Teaching Comparative Government and Politics

Wednesday, September 25, 2013

Exhibiting political leadership in Britain

Steven Erlanger and Stephen Castle, writing in The New York Times, think that Labour's leader, Ed Milliband, like the Tory and Lib Dem leaders, is unpopular and ineffective. How does Milliband compare to other opposition leaders?

Labour Party Finding Fault With Its Leader
Ed Miliband, the leader of the opposition Labour Party, appeared to have Prime Minister David Cameron on the ropes. Mr. Cameron had just lost a vote in Parliament on a nonbinding motion to consider military action in Syria…

Ed Miliband
But Mr. Miliband, whose own position on the issue kept shifting, did not seize the moment, neither that night, Aug. 29, nor in the next days. He neither spoke convincingly to the nation about the nature of its alliances, its foreign policy or its values, nor did he attack Mr. Cameron effectively for mismanaging the entire issue. In a sense, both major party leaders showed themselves unable to master their own restive parties.

After three years as head of Labour, Mr. Miliband, just 43, has not managed to convince the British public that he is prime ministerial material…

John Curtice, professor of politics at Strathclyde University in Glasgow, said… that polling shows that “Mr. Miliband is clearly not a help to his party and he may well be a hindrance.” The coalition government of the Conservative Mr. Cameron and the Liberal Democrat Nick Clegg is unpopular, Mr. Curtice said, but there are deep doubts among voters about whether Mr. Miliband believes in anything very strongly…

Mr. Cameron and Mr. Clegg are not themselves especially popular. Mr. Clegg is considered to have sacrificed crucial elements of his electoral agenda to get his party into the governing coalition, and is clearly the junior player to Mr. Cameron.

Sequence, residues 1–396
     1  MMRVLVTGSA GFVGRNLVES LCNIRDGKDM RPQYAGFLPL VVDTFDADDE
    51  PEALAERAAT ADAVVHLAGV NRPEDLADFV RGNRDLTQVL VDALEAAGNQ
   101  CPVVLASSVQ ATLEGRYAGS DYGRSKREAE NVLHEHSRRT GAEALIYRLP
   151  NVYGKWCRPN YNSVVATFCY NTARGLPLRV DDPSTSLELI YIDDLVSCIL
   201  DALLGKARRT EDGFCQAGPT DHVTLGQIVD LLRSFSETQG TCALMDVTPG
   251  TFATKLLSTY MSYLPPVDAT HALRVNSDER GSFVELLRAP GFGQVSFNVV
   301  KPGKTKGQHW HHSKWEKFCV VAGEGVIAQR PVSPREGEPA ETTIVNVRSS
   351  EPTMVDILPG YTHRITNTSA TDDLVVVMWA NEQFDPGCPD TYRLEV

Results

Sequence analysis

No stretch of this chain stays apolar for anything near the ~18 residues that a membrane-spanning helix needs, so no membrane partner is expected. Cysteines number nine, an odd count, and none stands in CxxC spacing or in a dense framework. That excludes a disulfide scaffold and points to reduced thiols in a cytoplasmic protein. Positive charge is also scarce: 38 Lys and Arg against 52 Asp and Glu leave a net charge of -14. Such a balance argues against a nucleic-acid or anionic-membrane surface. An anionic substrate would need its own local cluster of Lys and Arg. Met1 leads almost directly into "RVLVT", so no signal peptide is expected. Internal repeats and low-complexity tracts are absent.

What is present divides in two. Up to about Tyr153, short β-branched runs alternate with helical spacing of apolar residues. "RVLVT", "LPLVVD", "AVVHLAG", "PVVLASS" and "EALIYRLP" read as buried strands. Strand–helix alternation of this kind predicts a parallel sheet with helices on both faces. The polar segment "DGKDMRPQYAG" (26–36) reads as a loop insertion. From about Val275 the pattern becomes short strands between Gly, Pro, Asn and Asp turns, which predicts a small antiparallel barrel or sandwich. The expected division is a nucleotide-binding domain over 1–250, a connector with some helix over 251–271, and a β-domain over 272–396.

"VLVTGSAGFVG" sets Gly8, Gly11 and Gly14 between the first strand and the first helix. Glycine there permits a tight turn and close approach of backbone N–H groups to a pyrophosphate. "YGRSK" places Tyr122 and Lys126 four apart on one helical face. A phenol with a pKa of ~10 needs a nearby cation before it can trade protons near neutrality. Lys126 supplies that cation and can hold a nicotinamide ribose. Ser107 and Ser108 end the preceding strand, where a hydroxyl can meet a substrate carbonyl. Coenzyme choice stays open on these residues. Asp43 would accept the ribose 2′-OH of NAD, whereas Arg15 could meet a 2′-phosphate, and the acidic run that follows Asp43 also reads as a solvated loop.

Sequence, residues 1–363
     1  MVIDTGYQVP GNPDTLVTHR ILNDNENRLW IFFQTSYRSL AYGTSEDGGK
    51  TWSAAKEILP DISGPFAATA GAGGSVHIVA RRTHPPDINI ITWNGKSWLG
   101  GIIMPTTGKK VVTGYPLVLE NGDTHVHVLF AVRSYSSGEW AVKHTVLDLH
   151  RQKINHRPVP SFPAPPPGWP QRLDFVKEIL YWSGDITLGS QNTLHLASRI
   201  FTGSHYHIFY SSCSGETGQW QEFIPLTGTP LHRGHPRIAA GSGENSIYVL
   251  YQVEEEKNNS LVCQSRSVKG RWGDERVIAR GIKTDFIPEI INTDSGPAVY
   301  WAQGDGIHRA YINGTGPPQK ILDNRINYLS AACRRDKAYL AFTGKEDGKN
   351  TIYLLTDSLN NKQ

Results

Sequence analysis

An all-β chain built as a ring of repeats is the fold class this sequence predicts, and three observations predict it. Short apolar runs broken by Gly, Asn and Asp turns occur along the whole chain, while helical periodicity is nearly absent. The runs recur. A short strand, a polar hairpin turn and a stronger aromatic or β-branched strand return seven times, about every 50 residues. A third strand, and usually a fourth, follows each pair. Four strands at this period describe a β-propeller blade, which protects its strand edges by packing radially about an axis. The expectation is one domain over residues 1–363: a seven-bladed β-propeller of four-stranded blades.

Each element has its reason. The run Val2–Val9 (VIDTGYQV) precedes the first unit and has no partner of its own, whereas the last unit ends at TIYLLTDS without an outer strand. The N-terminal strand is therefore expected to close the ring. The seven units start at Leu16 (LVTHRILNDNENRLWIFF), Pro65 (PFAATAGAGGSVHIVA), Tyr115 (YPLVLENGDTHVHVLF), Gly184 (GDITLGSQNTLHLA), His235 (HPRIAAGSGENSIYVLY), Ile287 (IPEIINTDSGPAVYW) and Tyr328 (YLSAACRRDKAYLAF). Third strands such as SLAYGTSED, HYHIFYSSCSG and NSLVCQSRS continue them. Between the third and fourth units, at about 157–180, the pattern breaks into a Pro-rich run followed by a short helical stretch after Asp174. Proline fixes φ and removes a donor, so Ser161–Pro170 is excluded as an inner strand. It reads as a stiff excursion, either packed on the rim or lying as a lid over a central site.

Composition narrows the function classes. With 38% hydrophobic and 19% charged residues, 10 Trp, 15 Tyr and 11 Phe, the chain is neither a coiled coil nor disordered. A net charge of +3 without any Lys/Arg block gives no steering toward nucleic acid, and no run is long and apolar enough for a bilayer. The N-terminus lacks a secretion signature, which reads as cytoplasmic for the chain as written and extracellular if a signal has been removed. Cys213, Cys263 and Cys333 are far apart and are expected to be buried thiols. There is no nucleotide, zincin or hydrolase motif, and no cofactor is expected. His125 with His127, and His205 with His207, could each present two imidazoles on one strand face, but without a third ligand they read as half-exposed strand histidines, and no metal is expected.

Mr. Cameron has overseen tough years of economic austerity and recession, and he is being outflanked on the right by an anti-European party known as the United Kingdom Independence Party, or UKIP.

Mr. Curtice thinks that Labour should be significantly farther ahead in the polls than now; its lead over the Tories has shrunk considerably since early summer. Still, he said, given an electoral system that favors Labour because of the distribution of its voters, the unpopularity of the Liberal Democrats and slippage of Conservative votes to UKIP, “the Labour Party might win by default.”

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At 9:03 AM, Blogger Ken Wedding said...

Labour Leader Tries to Energize Party for Britain’s Next Election

Hoping to woo disillusioned voters after three years in the opposition, Ed Miliband, the leader of the Labour Party, promised on Tuesday to freeze energy bills and cut taxes on small companies by squeezing more from big business…


Mr. Miliband addressed criticism of his leadership and attacked the government of Prime Minister David Cameron, saying that it would channel the fruits of Britain’s nascent economic recovery to the rich…

Mr. Miliband said he would relish a debate with Mr. Cameron about leadership and character. Mr. Cameron and his Conservatives, Mr. Miliband said, would engineer a “recovery for the few,” not for the majority of Britons.
“They used to say, ‘A rising tide lifts all boats,’ ” he said. “Now the rising tide just seems to lift yachts.”…

 

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